LEST WE FOR­GET

They shall not grow old as we that are left grow old. Age shall not weary them not the years con­demn. At the go­ing down of the sun and in the morn We will re­mem­ber them

Enniscorthy Guardian - - NEWS - with Maria Nolan

And they were re­mem­bered last Sat­ur­day at the 11th hour, on the 11th day of the 11th month at Mar­ket Square, En­nis­cor­thy, when the names of 102 men fr­wom the town and district who left their homes and fam­i­lies over 100 years ago to fight in the Great War and never re­turned, were read aloud by mem­bers of En­nis­cor­thy His­tor­i­cal Re-en­act­ment So­ci­ety as part of a one-day event to com­mem­o­rate the 99th an­niver­sary of Ar­mistice Day.

The day be­gan with the lay­ing of a wreath at the war memo­rial plaque at St Mary’s Church and a prayer for all the En­nis­cor­thy dead by Rev Ni­cola Hal­ford. This was fol­lowed by a dig­ni­fied and solemn cer­e­mony at Mar­ket Square, be­gin­ning with the read­ing by Town Man­ager Liz Hore of that beau­ti­ful and emo­tive poem ‘In Flan­ders Fields’, a lament by piper Liam Doyle, a roll call of hon­our by Maria Nolan and Gra­ham Cado­gan, a very mov­ing poem penned and re­cited by Kay Doyle for her late fa­ther Thomas Colfer and a Re­verse Arms re­spect­fully and metic­u­lously per­formed by mem­bers of En­nis­cor­thy His­tor­i­cal Re-en­act­ment So­ci­ety.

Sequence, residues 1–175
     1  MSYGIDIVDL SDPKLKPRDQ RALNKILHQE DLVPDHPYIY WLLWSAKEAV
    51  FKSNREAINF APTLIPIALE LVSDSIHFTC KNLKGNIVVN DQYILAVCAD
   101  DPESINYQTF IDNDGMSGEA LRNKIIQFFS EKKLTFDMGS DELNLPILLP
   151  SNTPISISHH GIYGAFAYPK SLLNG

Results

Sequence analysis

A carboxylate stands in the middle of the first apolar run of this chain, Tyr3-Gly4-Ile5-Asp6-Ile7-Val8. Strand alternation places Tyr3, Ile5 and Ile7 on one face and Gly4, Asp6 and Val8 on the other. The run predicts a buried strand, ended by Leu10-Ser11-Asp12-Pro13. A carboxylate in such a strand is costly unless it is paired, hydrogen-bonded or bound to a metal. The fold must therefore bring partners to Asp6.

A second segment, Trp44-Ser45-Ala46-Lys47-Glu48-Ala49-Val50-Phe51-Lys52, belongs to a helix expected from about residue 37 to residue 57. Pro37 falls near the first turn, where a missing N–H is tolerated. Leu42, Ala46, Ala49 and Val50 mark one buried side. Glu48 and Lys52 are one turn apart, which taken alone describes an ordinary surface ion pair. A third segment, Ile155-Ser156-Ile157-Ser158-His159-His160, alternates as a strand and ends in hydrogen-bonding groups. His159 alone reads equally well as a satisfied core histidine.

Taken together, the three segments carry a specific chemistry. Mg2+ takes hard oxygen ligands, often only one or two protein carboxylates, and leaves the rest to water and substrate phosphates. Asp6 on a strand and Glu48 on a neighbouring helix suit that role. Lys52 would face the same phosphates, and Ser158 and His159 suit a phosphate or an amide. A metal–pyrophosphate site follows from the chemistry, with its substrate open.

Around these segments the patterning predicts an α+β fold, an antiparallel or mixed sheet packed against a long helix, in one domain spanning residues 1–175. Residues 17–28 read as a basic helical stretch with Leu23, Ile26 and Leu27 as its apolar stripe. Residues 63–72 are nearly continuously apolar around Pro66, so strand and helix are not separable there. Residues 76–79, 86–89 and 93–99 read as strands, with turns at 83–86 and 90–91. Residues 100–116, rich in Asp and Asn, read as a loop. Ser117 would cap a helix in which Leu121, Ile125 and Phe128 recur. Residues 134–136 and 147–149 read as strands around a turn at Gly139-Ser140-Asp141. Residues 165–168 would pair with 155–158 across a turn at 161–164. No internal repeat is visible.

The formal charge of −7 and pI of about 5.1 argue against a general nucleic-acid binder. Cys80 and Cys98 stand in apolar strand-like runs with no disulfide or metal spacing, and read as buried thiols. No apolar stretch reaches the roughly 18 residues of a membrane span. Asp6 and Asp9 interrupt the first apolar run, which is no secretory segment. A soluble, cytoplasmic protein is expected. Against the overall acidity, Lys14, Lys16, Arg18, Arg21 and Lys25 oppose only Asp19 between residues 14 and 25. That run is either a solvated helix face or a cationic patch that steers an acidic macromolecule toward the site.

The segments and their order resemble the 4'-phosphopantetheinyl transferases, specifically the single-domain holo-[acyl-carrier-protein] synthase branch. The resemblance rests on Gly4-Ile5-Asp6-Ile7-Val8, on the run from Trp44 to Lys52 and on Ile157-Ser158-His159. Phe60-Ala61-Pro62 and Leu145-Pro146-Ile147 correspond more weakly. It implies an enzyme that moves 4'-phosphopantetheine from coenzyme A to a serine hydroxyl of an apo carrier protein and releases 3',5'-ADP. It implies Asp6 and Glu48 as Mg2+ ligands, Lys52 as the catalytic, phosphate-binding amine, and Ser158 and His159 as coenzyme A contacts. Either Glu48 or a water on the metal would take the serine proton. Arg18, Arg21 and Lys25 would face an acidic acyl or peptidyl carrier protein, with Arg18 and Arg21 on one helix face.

From there it was on to the Athenaeum where a Liv­ing His­tory ex­hi­bi­tion was pro­vided by EHRS, Grainne Do­ran, County Ar­chiv­ist and Lord Ed­ward’s Own and Ash­bourne Re-en­act­ment groups.

The ex­hi­bi­tion at­tracted over 300 visi­tors, with many of the fam­i­lies of those who fought and died in the Great War at­tend­ing and were de­lighted and most ap­pre­cia­tive with the op­por­tu­nity to fi­nally be able to speak proudly and openly of their fam­ily mem­ber in WW1.

It was mov­ing and ex­tremely in­ter­est­ing to hear their sto­ries. Many of the young men from the town and be­yond left for a va­ri­ety of rea­sons, some were part of the 100,000 who went with Red­mond be­liev­ing that if they helped Britain to win the war for the free­dom of small na­tions then she might fi­nally agree to grant In­de­pen­dence to our own small na­tion, oth­ers went for the ad­ven­ture and ex­cite­ment and many went sim­ply to put food into the mouths of their fam­i­lies.

But for what­ever rea­son they left, they were part and par­cel of the fab­ric and the his­tory of this town and de­serve to be ac­knowl­edged and re­mem­bered. En­nis­cor­thy His­tor­i­cal Re-en­act­ment So­ci­ety were de­lighted with the re­sponse to this com­mem­o­ra­tion, the first of its kind in the town and look for­ward to build­ing a big­ger and bet­ter event for the 100th An­niver­sary of Ar­mistice Day in 2018.

Events con­cluded that evening with an ex­cel­lent con­cert by Bren­dan McQuaile at the Athenaeum - March Away My Broth­ers - the story of Ir­ish sol­diers and their mu­sic in the Great War.

En­nis­cor­thy Re-en­act­ment so­ci­ety dur­ing the Ar­m­mistice Day Com­mem­o­ra­tion on Sat­ur­day.

Kay Doyle, whose late fa­ther Thomas Colfer fought in the Great War, re­cites a poem she wrote her­self for the com­mem­o­ra­tion.

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